And so it was written that at least three bad things would come to an end Sunday.
The climatic conclusion to the delightfully disturbing television series "Breaking Bad" had been anticipated for weeks. So, too (at least in all corners of the universe not brainwashed by pinstripes), the end of the perceived playoff birthright of the New York Yankees, who will miss baseball's postseason for only the second time in the last 19 autumns.
But Sunday morning's news that former Tennessee head football coach Lane Kiffin had been fired at Southern Cal following Saturday night's 62-41 tire fire at Arizona State was almost certainly the most shocking development of the day, even though it surely elated the fan bases of both the Trojans and Vols.
Befitting LaLa Land, USC athletic director Pat Haden reportedly delivered the pink slip in true Hollywood fashion, informing Kiffin of his dismissal on an airport tarmac at the predawn hour of 5 a.m. PDT as the Men of Troy returned from the desert.
Volniacs can feverishly envision how it might have played out. Greeting the soon-to-be-canned coach with a triple chai latte and Sunday's LA Times, Haden hands Kiffin the Classified Section after circling the Help Wanted ads.
"Thanks for the last three seasons and five games," the AD says. "And best of luck finding a new job that pays you $2.6 million a year to lose by 21 points to unranked foes (ASU did join the Associated Press poll Sunday afternoon at No. 22)."
Kiffin then climbs into a limo (presumably black) muttering that he should never have left UT and how much he wishes his ring tone still played "Rocky Top."
As the news swiftly spreads East, rumors of seismic tremors disrupting Richter scales from Malibu to Morristown clog the Internet, the joyous foot-stomping of both the Trojan and Big Orange Nations shaking the earth to its core. UT fans add Toby Keith's "How Do You Like Me Now?" as theme music for their celebrations.
Or perhaps they joined former Chattanooga resident and current Atlanta Braves security guard Michael Smith in levitating above terra firma.
A lifelong Tennessee football fan, Smith said from his post inside the Turner Field press box Sunday morning: "My feet haven't touched the ground for two hours. That man [Kiffin] did more damage to that program than anyone who's ever coached there."
And Kiffin oversaw the Vols for all of one season, 2009, a brittle bridge between Phillip Fulmer's 16-year career and Derek Dooley's three-season run of ineptness. Or as Breaking Bad's Walter White might have described it, "I'm in the program demolition business."
Then there was movie director Steven Spielberg's real-life blockbuster dig at Kiffin a week before he was fired. Speaking to group of USC film students, the man who gave us "E.T.", "Shindler's List" and "The Color Purple" was asked his favorite disaster film. "The Washington State game," he said, referring to the Trojans' 10-7 loss earlier this month.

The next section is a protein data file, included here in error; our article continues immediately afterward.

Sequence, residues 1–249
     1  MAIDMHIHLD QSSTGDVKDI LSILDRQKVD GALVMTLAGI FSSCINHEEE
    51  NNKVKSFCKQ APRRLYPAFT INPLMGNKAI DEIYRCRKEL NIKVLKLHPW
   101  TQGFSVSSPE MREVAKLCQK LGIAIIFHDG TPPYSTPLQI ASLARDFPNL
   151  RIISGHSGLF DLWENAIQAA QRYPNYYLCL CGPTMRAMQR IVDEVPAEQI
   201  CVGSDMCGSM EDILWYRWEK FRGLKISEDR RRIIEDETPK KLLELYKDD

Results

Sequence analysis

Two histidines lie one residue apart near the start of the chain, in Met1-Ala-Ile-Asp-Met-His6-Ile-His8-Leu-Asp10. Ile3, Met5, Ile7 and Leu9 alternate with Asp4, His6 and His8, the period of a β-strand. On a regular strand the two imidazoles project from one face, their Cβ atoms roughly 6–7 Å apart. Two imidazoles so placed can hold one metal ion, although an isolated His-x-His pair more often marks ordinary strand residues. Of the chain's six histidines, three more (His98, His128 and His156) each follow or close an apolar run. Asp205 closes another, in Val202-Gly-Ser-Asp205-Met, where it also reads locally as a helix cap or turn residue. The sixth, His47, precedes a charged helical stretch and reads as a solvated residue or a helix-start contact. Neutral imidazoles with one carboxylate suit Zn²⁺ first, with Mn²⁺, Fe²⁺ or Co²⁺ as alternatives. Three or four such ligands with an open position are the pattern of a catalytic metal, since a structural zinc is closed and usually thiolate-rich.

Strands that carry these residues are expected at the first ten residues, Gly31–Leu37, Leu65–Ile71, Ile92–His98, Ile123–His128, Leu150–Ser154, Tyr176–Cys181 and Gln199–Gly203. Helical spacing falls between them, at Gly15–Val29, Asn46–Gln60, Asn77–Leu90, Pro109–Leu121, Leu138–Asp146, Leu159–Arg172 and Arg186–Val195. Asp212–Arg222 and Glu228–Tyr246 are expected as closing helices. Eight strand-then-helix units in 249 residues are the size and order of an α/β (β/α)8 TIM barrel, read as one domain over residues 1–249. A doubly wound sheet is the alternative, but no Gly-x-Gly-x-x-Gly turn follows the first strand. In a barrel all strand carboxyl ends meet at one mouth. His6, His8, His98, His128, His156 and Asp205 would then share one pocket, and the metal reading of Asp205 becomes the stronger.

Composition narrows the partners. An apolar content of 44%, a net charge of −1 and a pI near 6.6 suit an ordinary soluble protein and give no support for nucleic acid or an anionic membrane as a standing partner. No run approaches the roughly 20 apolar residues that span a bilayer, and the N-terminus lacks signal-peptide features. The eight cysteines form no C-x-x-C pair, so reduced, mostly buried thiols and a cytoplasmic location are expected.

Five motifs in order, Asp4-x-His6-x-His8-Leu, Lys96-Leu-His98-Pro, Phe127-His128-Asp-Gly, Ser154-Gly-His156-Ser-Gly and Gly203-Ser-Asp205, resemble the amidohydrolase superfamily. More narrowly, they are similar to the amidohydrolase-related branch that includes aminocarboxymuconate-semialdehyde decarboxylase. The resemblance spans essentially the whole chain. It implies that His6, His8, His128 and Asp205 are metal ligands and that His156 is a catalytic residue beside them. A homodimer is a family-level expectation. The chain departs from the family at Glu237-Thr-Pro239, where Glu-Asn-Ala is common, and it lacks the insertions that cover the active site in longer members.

Yet much as it may be highly enjoyable to celebrate Kiffin's collapse, it isn't entirely his fault, however much many wish it to be. As ESPN's Gene Wojciechowski pointed out Sunday, NCAA penalties in the Reggie Bush case have left the Trojans with just 55 scholarship players after wideout Marquise Lee's injury this past weekend. They won't be allowed to return to the 85-scholarship limit until 2015, nearly two years from now.
In all the urgency to crush Kiffin, it's easy to forget he went 10-2 in 2011 and began 2012 ranked No. 1 before a 1-5 finish erased a 6-1 start. In many ways, however much it hurts the Big Orange Nation to hear this, UT and USC are living in parallel universes, the sins of their past punishing their presents.
Nor is it likely to get better anytime soon for the Trojans. At least not as long as the scholarship reductions hold. So regardless of whom Haden hires next -- current St. Louis Rams coach and Trojan alum Jeff Fisher, Denver Broncos defensive coordinator and fellow USC alum Jack Del Rio, Washington Huskies coach Steve Sarkisian (a former USC assistant), Boise State coach Chris Petersen (a California native) or Vanderbilt's James Franklin (knows how to succeed at a high-priced private university) -- that coach's task will be a titanic one.
As for Kiffin, what kind of karma would it be for him to join his father Monte as an assistant on the Dallas Cowboy staff, where he might work shoulder to shoulder with Dooley?
Possible conversation between Dooley and Kiffin:
Dooley: "Thanks a lot for that mess you left me."
Kiffin: "Don't mention it. Don't mention that $5 million buyout you got, either."
Yet regardless of what ultimately happens to the Lane Train, Sunday was a cherished chance for USC and UT supporters to join forces in tenaciously trashing the shared target of their discontent.
"I think we all needed this," said the Braves' Smith. "I think this puts a bad chapter in UT football to rest."
Yet Hollywood being Hollywood, it wouldn't be a great surprise to see Kiffin now turn to acting, something along the lines of the lead role in Breaking Bad II: When Life Imitates Art.
Contact Mark Wiedmer at firstname.lastname@example.org.